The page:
For example, consider Toyota Motor Europe, which has separate customer support organizations in each country it does business. The company wanted to create a master record of all the entities existing across 250 databases, which entail 30 million records in 40 different languages.

The problem for Toyota Motor Europe is that an ETL and data mastering project of this magnitude is enormous, and will consume a great deal of resources if gone about the traditional way. Instead of drawing the data transformation arrows and employing data mastering processes, the company decided to engage Tamr to help address the challenge with machine learning.

“ETL’s biggest problem is it says you have define the global schema upfront. I don’t know how to do that at scale,” Stonebraker says. “Tamr does bottom-up matching and constructs the target schema bottom up, basically using machine learning. At scale, that’s the only possible way it’s going to work.”

That doesn’t mean that machine learning provides an “easy button” to solve these hairy data integration issues. It still requires lots of data and processing power, and you typically need to have one your smartest and most highly paid employees helping to guide the software to get the right answers.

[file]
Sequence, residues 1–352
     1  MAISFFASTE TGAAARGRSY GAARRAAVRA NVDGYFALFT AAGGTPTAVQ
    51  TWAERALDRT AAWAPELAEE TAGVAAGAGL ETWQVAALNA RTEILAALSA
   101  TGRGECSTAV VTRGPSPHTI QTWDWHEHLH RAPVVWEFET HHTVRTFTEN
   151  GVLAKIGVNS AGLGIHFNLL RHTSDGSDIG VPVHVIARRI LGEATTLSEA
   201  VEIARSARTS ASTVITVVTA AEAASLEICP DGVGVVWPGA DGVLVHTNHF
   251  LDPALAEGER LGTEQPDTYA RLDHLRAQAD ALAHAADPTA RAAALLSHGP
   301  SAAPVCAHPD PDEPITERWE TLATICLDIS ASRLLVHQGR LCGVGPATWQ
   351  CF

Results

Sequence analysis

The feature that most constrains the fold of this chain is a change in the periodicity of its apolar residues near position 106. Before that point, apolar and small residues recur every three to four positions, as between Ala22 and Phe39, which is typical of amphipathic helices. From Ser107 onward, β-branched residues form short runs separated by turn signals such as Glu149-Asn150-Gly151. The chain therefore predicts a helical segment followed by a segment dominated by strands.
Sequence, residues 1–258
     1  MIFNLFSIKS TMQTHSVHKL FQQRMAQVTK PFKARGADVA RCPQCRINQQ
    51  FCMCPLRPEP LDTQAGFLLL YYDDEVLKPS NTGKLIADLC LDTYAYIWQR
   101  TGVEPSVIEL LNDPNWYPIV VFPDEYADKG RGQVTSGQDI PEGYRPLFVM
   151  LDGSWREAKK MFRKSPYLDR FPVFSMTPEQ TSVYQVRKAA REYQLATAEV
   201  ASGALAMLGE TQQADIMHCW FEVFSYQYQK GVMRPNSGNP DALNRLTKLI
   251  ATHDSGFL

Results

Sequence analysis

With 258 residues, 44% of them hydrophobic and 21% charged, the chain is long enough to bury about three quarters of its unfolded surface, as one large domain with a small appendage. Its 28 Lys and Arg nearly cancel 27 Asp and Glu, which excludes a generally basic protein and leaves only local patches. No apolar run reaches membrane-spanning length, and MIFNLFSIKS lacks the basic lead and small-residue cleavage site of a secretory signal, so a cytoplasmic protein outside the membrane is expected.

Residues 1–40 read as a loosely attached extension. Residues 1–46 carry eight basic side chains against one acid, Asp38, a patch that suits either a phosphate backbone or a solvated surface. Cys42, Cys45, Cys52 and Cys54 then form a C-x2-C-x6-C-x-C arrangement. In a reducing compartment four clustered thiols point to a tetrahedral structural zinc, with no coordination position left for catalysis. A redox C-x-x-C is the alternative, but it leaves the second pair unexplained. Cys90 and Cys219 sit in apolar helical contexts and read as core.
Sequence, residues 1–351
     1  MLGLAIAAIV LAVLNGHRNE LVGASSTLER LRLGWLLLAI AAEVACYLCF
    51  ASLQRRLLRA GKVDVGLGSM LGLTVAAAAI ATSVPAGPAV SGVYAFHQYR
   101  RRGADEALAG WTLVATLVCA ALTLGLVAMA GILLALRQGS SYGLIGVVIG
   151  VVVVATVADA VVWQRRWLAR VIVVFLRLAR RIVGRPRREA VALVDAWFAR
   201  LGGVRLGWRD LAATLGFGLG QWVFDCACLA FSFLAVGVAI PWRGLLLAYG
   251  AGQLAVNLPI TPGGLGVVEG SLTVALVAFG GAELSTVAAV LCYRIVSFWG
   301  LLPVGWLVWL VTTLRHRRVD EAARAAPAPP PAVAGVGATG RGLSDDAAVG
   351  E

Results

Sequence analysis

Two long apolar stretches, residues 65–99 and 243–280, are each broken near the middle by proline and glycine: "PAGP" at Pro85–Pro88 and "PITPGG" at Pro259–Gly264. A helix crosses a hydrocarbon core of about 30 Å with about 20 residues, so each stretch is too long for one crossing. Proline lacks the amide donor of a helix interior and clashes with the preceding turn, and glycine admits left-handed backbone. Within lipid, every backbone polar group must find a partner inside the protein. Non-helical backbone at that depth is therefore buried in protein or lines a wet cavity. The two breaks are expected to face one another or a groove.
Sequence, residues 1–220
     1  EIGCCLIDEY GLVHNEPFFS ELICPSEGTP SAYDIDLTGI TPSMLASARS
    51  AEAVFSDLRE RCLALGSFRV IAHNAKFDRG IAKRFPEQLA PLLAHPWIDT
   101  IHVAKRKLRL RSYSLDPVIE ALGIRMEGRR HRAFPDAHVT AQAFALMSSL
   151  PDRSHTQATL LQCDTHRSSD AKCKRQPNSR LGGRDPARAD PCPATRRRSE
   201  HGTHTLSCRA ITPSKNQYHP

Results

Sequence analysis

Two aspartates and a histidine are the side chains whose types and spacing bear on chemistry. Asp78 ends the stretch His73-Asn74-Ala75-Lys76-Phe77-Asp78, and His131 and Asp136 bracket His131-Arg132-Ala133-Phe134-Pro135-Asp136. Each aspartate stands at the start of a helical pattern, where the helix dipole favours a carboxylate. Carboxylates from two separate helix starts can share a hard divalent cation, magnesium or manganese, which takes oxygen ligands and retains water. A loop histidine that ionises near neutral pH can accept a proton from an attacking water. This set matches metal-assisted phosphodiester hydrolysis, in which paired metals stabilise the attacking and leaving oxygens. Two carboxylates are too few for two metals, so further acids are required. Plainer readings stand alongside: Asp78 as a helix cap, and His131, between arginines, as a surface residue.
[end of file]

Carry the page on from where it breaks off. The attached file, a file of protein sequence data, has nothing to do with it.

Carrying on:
“This is not cheap in processing time, but generally speaking, that’s not the high pole in the tent,” Stonebraker says. “If you have a database of German suppliers and I have a database of US suppliers and I want to do supplier mastering, then an obvious issue that will certainly come up is, is Merck in Germany the same as Merck in US? Well, only your CFO or some smart person has any chance of knowing the answer.”

These data questions can’t be outsourced to other firms, so forget about using Mechanical Turk to clean up your own data. A human must be in the loop. With that said, the human ideally will  have a productivity aid. For Stonebraker, that aid is Tamr.

“That’s what Tamr does. It puts together independently constructed databases solving all of these problems,” he says. “The good news is that it used to be prohibitively expensive. But you apply ML and statistics, and it’s getting a lot cheaper.  Now it’s becoming doable whereas 20 years ago, you wouldn’t even contemplate trying to do it.”